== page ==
Last week astronomers and physicists at the University were saddened to farewell Graeme Kershaw, who served as a technician in the mechanical workshop of the Department of Physics and Astronomy for 51 years.
Professor John Hearnshaw recalls that Graeme specialised in astronomical instrumentation, and during his career made a major contribution to the instruments at Mt John Observatory.
“I first came into contact with Graeme in 1975 when he was working on the Cassegrain échelle spectrograph, based on drawings from the Smithsonian Institution. This instrument was completed in 1977 and was the first of its kind in the southern hemisphere.
The biggest projects Graeme worked on were the McLellan 1-metre telescope over five years (1981-86) and the Hercules spectrograph over four years (1997-2001). The latter was the world’s first vacuum high resolution échelle spectrograph for stellar spectroscopy.
I count at least eight big projects we did together, me throwing ideas to Graeme about what I wanted, he putting them into practice with amazingly ingenious mechanical and optical designs for astronomical instruments at Mt John. His work was characterized by great attention to detail, superb craftsmanship and innovative designs.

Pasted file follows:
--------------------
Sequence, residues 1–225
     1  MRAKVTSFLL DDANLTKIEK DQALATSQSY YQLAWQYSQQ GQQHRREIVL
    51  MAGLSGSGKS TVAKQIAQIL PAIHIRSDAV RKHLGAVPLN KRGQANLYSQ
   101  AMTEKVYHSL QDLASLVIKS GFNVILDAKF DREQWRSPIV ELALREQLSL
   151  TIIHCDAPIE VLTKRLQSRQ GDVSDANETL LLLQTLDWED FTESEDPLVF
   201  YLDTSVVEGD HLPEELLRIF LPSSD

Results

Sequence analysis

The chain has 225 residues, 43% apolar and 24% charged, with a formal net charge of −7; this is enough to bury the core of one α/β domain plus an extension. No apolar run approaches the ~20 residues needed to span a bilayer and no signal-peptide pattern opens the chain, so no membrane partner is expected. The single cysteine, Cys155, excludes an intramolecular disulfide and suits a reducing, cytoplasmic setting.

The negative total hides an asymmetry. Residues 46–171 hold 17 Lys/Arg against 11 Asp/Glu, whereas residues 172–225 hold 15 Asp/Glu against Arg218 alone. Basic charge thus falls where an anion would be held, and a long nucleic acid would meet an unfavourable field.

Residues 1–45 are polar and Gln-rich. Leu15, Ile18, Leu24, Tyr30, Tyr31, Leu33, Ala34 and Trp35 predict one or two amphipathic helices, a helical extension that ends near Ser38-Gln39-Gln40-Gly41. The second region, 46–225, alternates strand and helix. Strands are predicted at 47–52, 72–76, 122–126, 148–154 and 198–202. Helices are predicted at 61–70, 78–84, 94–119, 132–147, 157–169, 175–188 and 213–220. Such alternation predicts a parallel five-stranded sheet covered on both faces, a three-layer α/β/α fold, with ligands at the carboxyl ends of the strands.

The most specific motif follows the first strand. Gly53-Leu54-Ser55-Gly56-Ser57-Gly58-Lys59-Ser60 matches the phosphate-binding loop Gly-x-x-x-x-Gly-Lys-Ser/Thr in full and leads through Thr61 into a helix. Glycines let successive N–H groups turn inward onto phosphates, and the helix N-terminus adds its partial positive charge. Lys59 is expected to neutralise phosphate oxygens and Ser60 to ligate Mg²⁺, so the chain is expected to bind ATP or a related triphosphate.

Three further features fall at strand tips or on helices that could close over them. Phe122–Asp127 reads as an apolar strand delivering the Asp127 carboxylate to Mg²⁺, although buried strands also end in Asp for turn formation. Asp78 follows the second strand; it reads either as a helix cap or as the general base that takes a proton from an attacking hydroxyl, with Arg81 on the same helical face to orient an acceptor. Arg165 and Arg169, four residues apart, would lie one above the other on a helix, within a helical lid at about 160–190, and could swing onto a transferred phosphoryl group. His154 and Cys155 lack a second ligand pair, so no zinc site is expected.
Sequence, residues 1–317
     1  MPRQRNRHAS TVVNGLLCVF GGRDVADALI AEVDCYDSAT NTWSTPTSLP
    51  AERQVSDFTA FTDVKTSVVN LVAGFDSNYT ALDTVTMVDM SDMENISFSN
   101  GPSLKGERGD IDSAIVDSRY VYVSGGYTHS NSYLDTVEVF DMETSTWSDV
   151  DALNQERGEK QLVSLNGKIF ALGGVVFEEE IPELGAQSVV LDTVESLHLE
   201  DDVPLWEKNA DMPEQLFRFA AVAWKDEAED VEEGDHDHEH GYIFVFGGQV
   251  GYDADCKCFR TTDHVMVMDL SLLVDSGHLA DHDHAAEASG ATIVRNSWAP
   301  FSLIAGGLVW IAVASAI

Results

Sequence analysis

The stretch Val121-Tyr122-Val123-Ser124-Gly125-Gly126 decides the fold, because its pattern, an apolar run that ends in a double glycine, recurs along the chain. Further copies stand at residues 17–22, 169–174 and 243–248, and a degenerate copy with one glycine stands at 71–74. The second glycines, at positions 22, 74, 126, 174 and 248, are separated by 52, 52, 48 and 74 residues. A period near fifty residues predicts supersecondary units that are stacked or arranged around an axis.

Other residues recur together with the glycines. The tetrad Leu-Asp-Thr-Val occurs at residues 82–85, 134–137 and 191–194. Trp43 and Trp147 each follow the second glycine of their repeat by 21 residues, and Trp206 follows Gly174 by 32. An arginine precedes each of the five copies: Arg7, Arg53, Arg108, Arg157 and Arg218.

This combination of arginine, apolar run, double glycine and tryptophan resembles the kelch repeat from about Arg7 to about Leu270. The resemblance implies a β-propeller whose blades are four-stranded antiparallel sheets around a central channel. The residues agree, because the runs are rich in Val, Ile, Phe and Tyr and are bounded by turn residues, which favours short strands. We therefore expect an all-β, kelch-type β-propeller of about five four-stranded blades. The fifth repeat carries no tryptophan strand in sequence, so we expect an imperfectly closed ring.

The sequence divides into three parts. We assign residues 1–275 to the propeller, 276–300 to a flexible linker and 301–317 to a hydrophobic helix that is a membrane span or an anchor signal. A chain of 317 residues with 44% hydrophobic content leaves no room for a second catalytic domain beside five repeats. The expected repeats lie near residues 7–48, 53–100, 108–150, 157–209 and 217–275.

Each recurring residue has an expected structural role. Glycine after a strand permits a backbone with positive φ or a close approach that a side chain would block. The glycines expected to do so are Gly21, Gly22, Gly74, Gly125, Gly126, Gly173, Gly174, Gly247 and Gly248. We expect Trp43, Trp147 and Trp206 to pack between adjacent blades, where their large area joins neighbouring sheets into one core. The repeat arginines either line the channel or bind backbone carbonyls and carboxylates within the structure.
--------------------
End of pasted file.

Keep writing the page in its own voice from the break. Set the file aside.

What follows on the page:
After Graeme retired in 2016, he worked on the restoration of the historic Townsend telescope in the Arts centre. This is a 6-inch refractor made in England in 1864, and used by UC for public viewing. It was recovered from the rubble of the Arts Centre observatory tower after the February 2011 earthquake. The restoration project was being undertaken using a benefaction from UC alumnus Dr David Teece in California. Sadly the work was not quite complete when Graeme passed away after a short illness. ”